We know free shipping is a powerful offer. But, what other effective offers can you make to customers and prospects?  Here are a few that you might want to try:

  1. A dollar amount off an order.
  2. A fixed percentage off an order.
  3. A free gift with order.
  4. Graduated offer, i.e., the more you buy the greater the savings.

From our experience, a dollar amount off an order will generally out pull a percentage off an order. A free gift with order is normally the least effective offer you can make. This is not to imply that a free gift with order offer does not work, however. If you test a free gift with purchase, be sure the gift is not an item in your catalog but something totally different for best results. It is always good to test different offers to see what works best for you.

Keep in mind that there needs to be a purpose and objective behind ever offer you make. For example, do you want to increase the average order size? Or, are you more interested in increasing the response rate? And, be careful of making unilateral offers to all customer groups and prospects. It is best to target certain groups to receive your offer. For example, offers can be used effectively as follows:

  1. To reactive previous buyers.
  2. To convert buyers (one time purchasers) into customers (two and more time buyers).
  3. To convert prospects to buyers.
  4. To convert inquiries to buyers.

These are all worthwhile purposes for making promotional offers. You’ll notice that we have not included the core R-F-M house file segments, i.e., 0-12 month buyers, in our list.  That’s because a large percentage of this group will purchase regardless. Yes, an offer will cause the response rate and/or average order size to increase. But you will be giving away profit dollars to the largest percentage of your customers who are going to purchase with or without the offer. The incremental dollar increase as a result of the offer will not be enough to off-set the cost of the offer to your “best” customers.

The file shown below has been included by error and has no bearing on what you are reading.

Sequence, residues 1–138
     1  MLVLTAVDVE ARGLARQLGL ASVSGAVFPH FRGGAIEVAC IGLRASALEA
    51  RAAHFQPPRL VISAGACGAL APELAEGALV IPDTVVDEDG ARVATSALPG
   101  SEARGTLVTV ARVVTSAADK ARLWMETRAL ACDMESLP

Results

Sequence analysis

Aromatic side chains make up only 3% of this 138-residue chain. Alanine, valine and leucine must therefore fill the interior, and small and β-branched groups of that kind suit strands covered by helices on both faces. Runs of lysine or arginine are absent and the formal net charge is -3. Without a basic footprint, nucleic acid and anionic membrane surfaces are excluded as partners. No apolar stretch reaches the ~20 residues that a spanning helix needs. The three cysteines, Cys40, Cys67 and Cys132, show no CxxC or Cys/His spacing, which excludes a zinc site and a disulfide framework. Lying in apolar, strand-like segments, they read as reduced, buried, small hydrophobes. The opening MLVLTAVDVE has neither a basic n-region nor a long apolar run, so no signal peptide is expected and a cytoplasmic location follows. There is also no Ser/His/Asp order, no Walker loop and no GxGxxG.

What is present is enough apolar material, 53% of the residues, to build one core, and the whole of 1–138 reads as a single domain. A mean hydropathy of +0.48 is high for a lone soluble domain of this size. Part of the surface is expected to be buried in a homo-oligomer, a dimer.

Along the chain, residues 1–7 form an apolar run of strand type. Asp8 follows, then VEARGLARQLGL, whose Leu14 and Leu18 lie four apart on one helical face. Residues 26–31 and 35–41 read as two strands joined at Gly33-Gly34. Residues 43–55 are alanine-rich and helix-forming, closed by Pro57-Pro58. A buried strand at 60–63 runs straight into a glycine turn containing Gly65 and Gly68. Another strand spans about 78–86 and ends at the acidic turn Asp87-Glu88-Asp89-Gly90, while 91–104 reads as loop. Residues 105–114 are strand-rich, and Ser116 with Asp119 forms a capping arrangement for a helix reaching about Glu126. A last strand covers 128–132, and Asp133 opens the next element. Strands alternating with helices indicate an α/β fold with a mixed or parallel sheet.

Offers to prospects should be designed to increase the rate of response in order to grow the buyer file.  But, which is better. To have an order that increases the average order size or the response rate? Building the house file and moving buyers into the most recent R-F-M cells is critical to the success of a cataloger. Response rate is key.

For example, please refer to chart “B” below.

RESPONSE RATE vs. AVERAGE ORDER
Chart B
QTY.
RESP.
RATE
AVG
ORDER
NO
ORDERS
SALES
RPC
100,000
1.73%
$75.00
1,730
$129,750
$1.30
100,000
2.00%
$65.00
2,000
$130,000
$1.30

The results shown in Chart B are identical in terms of the revenue and RPC. But the response rate and average order sizes vary. From an operational viewpoint, you might say it is better to have fewer orders and the same dollars. However, from a marketing standpoint, the higher response rate is preferred because of file growth.

As we have said many times before, testing is the key to success. Common rules for testing promotional offers are as follows:

  1. Always have a control. Generally, the control is a “no offer” version but it does not have to be. A control might be another offer. For example, if you have frequently used a free shipping offer, this might be your control by which other offers are tested.
  2. Only test one variable at a time.
  3. Be certain to select a cross section of any list for both the control and test groups. Test panels must be selected the same way.
  4. Mail dates must be the same for all panels.
  5. Be careful when using dollar minimums to qualify for the offer.

In summary, avoid conditioning your customers to an offer every time they buy. Try to guard against a decline in your response rate from over promoting an offer. And, be careful how you use order minimums which can actually work against you. Use offers carefully and have a purpose in mind for every offer you make.